Most contemporary references to the book cite incidents from the three chapters on economic bubbles, particularly the Dutch tulip mania in the 1630s. But Mackay’s book covers a wider range of human behavior, which he classified in three groups: National Delusions, Peculiar Follies, and Philosophical Delusions.

Lest anyone dismiss these stories as humoresques or curiosities from a less enlightened age, we should realize that the nexus of modern communications and information technology, including television, personal computers, the Internet, and the mass media, has allowed this aspect of the human character to flourish.

For an excellent example, we need look no farther than the current popular delusion and madness of the crowd in South Korea over President Lee Myung-bak’s decision to allow imports of American beef after a five-year ban.

Try this post by Sonagi at The Marmot’s Hole for a brief but penetrating look at the phenomenon. Most astonishing is his account of the misinformation published in the International Herald Tribune. (The links to Korean newspapers are unfortunately not in English, but you’ll get the idea.)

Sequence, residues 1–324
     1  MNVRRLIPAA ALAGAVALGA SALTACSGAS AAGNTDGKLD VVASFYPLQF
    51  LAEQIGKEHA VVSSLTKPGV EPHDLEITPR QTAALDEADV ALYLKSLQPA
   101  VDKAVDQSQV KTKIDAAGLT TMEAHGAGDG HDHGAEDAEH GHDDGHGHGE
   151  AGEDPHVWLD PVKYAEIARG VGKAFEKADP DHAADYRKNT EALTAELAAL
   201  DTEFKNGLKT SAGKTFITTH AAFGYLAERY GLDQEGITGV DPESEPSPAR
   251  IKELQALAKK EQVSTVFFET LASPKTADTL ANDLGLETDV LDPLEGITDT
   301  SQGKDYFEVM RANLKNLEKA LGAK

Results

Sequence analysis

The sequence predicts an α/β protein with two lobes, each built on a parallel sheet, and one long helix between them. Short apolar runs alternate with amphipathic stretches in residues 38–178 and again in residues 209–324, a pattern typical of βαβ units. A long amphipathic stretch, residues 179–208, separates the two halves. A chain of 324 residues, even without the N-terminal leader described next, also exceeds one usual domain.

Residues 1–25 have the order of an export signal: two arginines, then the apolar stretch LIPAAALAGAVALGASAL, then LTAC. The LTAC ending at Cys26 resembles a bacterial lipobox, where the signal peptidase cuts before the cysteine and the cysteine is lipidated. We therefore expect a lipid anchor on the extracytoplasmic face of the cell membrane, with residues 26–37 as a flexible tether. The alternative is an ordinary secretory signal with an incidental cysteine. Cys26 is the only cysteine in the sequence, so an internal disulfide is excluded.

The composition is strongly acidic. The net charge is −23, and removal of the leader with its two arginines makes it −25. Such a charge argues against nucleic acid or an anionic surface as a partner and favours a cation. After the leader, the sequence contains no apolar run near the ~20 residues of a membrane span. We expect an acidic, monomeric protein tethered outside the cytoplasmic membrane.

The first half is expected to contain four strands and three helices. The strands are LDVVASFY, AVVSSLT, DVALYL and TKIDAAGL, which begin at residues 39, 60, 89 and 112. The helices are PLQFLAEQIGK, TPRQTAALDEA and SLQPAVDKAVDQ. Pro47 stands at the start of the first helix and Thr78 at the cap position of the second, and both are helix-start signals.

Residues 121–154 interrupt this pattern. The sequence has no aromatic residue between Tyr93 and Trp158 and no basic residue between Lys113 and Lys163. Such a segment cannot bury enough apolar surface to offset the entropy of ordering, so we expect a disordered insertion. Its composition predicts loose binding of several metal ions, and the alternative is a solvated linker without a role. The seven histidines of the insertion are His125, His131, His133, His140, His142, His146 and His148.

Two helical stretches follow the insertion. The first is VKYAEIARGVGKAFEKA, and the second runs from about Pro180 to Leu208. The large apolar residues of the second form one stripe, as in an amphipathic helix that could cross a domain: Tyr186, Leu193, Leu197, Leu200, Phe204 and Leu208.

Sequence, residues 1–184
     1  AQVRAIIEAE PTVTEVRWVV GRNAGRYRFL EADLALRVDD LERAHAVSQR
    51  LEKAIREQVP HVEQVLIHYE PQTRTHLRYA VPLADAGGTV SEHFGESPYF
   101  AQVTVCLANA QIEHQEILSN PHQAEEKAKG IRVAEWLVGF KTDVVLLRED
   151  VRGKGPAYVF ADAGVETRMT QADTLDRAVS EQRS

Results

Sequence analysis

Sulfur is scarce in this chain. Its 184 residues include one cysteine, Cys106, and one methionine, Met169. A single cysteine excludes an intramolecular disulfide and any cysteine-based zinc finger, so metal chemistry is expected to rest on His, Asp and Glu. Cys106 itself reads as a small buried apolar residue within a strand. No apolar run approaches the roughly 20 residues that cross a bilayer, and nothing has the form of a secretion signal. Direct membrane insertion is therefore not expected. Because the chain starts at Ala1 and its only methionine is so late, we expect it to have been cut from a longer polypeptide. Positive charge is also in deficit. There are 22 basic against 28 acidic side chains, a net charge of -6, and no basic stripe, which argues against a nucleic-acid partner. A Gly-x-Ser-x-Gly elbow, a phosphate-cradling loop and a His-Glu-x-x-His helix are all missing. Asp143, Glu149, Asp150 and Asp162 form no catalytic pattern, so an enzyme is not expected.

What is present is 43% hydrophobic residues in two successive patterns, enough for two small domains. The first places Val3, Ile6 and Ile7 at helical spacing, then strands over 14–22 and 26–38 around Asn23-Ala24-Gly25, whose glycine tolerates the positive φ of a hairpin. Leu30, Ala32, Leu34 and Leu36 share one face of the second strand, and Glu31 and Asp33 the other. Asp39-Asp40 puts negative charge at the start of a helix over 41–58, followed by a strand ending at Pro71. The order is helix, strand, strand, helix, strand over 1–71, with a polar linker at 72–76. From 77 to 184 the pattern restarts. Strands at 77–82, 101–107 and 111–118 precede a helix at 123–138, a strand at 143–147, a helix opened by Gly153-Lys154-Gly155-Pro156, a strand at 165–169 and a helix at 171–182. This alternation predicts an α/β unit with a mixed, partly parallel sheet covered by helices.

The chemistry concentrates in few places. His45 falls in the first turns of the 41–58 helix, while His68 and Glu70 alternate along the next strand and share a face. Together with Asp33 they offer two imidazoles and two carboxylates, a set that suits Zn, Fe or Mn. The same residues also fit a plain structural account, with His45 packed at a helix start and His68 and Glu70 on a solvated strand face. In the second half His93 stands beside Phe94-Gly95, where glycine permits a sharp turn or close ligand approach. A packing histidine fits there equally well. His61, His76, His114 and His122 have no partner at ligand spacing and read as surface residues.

Sonagi provides us a taste with this quote:

During the Saturday rally, a high school girl took the microphone and said before the crowd: “I drove four hours to join this rally because I don’t want to die.”

Whenever there is a new advance in information technology, some people talk as if it will change the world. It won’t, of course; it’ll just make it easier for some to conduct their business, some to have a new toy for killing time, and for others to behave like the fools they are.

And we shouldn’t be fooled into thinking that the business of the mass media is anything other than to profit from this behavior by encouraging it. Claiming that their mission is to speak truth to power and give voice to the powerless is only a popular delusion within the infotainment guild.

None of the rest of us has to fall for it.

Disclaimers: I’m an American who almost never eats beef, supports free trade among nations regardless of the nations involved, and thinks that protectionism hurts everyone in the long run.

Posted in Books, Mass media, Popular culture, South Korea | Tagged: , | Leave a Comment »

Some like it hot…and steamy!